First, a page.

In this study, Swan found that 44 cases of trachoma were encountered in white individuals, whereas African Americans had none, “though their proportional share should have been 80. This is too great a discrepancy to be accounted for by a mere coincidence.”16(p193) In addition, Swan found that African Americans had a disproportionately large number of inflammations of the cornea of all kinds, twice the percentage of iritis as white people, a much higher occurrence of glaucoma, “especially the chronic simple form,” and a lower occurrence of refractive errors and strabismus. Sympathetic ophthalmia affected the 2 races equally.16(p198)
In 1896, in the American Journal of Ophthalmology, Swan published his final article on the subject entitled, “The Racial and Geographic Distribution of Trachoma in the United States of America.” He noted that at the meeting of the International Medical Congress in Berlin, he clashed with Dr Paul Chibret of Clermont-Ferrand, France, over the issue of trachoma and race, “Chibret pointing out that the pure Celt was to an extent immune and I that the negro in the United States was practically exempt.”17(p257) Swan stated:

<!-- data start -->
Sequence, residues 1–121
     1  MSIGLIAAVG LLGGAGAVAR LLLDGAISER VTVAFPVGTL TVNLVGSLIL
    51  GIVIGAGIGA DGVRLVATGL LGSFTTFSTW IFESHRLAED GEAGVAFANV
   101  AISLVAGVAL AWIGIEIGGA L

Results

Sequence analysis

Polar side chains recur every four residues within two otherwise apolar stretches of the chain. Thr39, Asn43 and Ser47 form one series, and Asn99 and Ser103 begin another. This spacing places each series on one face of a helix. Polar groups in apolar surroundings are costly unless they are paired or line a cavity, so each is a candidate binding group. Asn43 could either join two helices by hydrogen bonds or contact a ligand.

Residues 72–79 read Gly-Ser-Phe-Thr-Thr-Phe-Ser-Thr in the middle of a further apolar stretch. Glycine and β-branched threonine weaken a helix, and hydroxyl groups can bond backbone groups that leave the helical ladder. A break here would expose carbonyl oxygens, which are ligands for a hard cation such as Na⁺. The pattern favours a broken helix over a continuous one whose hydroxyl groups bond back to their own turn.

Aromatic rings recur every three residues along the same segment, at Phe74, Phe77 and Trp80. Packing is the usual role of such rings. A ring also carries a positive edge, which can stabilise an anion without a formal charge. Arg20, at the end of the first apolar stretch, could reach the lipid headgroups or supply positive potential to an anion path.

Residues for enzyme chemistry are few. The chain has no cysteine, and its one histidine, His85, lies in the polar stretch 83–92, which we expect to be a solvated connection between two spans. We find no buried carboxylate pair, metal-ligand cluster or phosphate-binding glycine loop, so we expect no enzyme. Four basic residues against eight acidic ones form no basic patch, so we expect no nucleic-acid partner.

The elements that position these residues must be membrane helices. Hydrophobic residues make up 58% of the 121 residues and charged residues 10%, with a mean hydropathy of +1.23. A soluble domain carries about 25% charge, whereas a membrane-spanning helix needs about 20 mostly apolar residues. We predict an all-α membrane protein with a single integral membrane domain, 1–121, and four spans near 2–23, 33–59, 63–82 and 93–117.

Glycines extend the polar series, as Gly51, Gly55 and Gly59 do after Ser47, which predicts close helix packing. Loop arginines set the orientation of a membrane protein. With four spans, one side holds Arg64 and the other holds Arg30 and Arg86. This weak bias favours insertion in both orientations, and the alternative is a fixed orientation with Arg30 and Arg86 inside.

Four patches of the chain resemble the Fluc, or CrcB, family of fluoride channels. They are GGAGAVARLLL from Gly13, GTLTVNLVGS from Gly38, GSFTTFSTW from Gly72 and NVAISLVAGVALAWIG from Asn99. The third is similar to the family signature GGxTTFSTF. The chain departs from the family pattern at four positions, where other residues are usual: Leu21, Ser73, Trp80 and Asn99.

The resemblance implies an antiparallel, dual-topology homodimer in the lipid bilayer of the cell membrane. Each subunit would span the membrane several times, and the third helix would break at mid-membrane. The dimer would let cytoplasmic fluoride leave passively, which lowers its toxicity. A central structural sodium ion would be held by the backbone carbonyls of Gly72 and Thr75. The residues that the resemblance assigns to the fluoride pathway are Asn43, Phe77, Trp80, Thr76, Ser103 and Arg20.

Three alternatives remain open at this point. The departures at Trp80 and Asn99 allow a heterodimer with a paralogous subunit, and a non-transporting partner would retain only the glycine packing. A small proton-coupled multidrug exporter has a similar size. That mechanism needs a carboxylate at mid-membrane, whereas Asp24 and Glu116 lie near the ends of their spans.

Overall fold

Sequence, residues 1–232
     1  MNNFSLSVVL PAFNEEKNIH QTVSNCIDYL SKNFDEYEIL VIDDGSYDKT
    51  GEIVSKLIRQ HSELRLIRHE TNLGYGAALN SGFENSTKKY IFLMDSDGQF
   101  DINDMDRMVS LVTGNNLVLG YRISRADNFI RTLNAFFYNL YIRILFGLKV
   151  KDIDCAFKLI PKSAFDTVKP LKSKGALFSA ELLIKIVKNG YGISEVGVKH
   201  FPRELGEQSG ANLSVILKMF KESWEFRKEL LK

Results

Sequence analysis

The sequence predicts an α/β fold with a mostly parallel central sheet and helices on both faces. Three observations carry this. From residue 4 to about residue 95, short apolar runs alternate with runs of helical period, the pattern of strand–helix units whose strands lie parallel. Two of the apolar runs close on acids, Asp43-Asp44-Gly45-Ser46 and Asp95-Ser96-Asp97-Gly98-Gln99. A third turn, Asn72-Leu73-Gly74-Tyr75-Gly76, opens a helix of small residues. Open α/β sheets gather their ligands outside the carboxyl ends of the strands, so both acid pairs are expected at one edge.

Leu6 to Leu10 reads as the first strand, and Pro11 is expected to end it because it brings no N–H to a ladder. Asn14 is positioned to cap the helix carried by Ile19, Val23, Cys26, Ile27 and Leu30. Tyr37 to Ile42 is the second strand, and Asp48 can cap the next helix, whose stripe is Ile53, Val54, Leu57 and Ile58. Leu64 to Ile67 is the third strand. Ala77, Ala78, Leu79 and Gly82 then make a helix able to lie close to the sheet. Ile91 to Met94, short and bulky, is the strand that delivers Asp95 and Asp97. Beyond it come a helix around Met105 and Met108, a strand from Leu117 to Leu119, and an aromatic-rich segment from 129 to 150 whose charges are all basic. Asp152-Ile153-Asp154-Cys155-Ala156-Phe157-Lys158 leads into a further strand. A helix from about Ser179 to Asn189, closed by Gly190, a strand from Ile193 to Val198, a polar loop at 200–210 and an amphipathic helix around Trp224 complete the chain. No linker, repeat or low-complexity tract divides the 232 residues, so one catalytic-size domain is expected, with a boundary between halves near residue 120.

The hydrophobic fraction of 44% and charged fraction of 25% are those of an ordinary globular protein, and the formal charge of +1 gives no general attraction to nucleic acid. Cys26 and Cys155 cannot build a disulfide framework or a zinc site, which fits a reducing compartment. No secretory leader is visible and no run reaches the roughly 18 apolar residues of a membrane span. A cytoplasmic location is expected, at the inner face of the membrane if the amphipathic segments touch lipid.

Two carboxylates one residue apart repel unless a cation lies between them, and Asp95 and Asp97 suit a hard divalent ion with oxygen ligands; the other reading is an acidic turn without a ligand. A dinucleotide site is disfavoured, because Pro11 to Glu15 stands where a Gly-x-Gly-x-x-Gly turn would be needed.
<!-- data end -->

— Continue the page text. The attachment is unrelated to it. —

. . . during a period of more than 15 years, and with about 10,000 ‘colored’ eye cases, I have seen not more than 6 negroes in which there was a suspicion even, of trachoma; and I have never seen a case of entropion in that race.17(p260)
He then included a survey of 11 ophthalmologists from around the United States who concurred with his finding.
Swan made other significant contributions. During the last quarter of the 19th century, physicians referred patients to ophthalmologists when the fundus, the eye's interior surface, needed examination. The ophthalmoscope was still in its infancy. Swan made active use of the new tool, including in his published case reports detailed descriptions and drawings of his observations.18 Also, in 1892, he published an article on ophthalmia that affected newborns in the Century Magazine. It contained a powerful argument for the adoption of silver nitrate prophylaxis to prevent this disease.19 This article was widely published thereafter.